The nickel-pincer nucleotide (NPN) cofactor is a newly identified coenzyme discovered in lactate racemase (LarA) from Lactobacillus plantarum. Synthesis of the active enzyme requires the participation of three accessory proteins that act in sequence: LarB carboxylates the pyridinium ring and hydrolyzes the phosphoanhydride of nicotinic acid adenine dinucleotide, LarE converts the two pyridinium ring carboxylates to thiocarboxylates, and LarC inserts nickel (forming two S-Ni and one C-Ni bonds) during synthesis of the novel cofactor. Genes encoding these four proteins are widely distributed in microorganisms associated with the human microbiome and among human pathogens. The long-term objective of the effort described here is to advance significantly our understanding of how microorganisms, including pathogenic species, make and utilize the NPN cofactor.
Two specific aims will achieve this objective: (1) characterize the components of the NPN biosynthetic systems and (2) identify the roles of the NPN cofactor in lactate racemase and additional enzymes. Investigations of LarB will define the structure and mechanism of this pyridinium ring carboxylase/phosphoanhydride hydrolase. Studies of a multi-cysteine and probable [4Fe4S]-containing form of LarE will establish whether it operates by a catalytic sulfur-transfer mechanism, in contrast to the sacrificial LarE of L. plantarum with its single active site cysteine that converts to dehydroalanine. Structural and mechanistic analysis of the CTP-dependent nickel-inserting LarC will elucidate how this protein installs nickel into the cofactor. The geometry of lactate binding to L. plantarum LarA will be defined, the full range of substrates used by this enzyme will be established, and substrates will be identified for alternative LarA-like proteins. Proteins that covalently bind the NPN cofactor will be identified and characterized using innovative chemistry that reacts the coenzyme with a fluorescent tag. Radioactive nickel (63Ni) and 14C-nicotinic acid also will be used to label new NPN cofactor-binding proteins, followed by mass spectrometry, bioinformatics, and biochemical studies to identify the functions of these novel enzymes. The findings obtained through these efforts will greatly increase knowledge of the synthesis and utilization of nickel- pincer cofactors in bacteria, including those important to human health, with implications for identification of potential antimicrobial drug targets.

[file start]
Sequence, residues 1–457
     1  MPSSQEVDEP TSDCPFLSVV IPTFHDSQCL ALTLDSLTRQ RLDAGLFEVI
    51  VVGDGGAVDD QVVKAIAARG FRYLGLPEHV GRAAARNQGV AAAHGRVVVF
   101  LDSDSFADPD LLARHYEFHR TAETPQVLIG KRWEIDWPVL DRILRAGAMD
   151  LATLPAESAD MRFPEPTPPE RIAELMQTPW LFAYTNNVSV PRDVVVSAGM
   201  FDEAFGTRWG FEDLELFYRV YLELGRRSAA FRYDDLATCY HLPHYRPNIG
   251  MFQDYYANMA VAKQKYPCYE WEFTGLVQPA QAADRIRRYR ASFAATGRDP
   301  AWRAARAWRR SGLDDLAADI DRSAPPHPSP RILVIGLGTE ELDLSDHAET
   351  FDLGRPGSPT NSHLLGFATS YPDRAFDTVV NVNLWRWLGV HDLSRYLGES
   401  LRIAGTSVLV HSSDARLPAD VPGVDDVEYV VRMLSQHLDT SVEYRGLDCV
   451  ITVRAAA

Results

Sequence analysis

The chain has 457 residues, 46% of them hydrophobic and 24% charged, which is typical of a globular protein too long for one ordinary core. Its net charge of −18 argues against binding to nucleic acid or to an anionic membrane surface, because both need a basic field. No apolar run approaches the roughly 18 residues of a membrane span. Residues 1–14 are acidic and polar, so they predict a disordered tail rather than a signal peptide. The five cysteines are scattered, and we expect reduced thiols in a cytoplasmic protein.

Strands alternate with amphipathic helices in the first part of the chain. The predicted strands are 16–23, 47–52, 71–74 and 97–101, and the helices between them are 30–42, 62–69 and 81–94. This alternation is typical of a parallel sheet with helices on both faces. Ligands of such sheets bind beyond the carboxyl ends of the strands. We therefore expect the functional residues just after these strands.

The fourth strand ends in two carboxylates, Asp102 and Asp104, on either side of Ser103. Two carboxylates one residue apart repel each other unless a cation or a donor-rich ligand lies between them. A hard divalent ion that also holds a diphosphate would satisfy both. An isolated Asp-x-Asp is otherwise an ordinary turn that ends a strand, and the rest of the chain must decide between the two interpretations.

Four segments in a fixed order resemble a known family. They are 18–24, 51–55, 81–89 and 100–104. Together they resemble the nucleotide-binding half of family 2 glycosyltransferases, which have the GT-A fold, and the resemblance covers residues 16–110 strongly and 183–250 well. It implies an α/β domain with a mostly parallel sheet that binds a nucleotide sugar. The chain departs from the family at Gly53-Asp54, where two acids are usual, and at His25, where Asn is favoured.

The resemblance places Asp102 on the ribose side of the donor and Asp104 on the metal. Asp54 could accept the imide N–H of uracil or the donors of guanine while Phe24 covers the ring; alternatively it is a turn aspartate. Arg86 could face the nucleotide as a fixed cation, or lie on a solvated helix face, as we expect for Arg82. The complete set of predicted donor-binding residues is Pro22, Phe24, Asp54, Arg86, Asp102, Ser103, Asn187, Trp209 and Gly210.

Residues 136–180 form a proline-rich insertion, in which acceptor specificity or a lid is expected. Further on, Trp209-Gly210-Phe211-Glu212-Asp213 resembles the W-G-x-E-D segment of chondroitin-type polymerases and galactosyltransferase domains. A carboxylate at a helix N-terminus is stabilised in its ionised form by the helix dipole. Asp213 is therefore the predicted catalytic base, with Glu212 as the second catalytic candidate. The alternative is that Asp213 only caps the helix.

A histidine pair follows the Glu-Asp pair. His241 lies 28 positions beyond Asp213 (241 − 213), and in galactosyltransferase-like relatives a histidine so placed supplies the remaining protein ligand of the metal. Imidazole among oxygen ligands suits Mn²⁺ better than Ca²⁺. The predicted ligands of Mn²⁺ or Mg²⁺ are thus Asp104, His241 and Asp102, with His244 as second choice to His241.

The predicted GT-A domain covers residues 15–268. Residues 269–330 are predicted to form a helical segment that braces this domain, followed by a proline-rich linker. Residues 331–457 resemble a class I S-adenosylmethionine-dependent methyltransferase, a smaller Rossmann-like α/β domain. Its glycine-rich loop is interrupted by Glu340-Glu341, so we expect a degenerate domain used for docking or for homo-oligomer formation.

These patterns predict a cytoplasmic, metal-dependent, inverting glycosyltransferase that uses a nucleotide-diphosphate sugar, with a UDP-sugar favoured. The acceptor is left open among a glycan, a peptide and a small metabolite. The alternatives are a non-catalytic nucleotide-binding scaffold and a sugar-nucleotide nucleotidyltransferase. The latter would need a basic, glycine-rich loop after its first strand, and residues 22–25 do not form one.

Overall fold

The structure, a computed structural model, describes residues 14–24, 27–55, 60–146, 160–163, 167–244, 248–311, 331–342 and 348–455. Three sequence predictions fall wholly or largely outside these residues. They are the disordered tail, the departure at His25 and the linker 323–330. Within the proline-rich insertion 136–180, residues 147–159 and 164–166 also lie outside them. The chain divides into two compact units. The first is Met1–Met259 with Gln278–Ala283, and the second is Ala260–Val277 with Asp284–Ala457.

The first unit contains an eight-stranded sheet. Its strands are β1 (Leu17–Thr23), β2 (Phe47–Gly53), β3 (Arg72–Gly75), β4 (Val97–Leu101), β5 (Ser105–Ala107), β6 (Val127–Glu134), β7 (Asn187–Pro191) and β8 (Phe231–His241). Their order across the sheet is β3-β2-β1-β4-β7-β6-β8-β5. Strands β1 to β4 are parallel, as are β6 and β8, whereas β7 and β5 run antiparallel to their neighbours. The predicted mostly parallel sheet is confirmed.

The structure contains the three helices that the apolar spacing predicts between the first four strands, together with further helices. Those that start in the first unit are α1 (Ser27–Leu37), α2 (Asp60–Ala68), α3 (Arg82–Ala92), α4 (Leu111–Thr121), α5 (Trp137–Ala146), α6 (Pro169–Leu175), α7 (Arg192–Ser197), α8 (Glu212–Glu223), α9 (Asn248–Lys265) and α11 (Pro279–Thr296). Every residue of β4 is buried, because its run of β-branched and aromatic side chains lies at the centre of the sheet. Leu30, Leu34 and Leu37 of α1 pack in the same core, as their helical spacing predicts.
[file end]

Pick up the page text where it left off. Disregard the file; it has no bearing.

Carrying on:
The study of lactate racemase and its newly discovered nickel-pincer nucleotide (NPN) cofactor is highly relevant to public health because the enzyme is present in many microorganisms associated with the human microbiome and in numerous pathogens. The racemase enzyme produces D-lactate that is required for biosynthesis of the cell walls and responsible for vancomycin resistance in some microorganisms. This project will elucidate the steps of NPN cofactor synthesis and define its roles in metabolism beyond lactate racemization.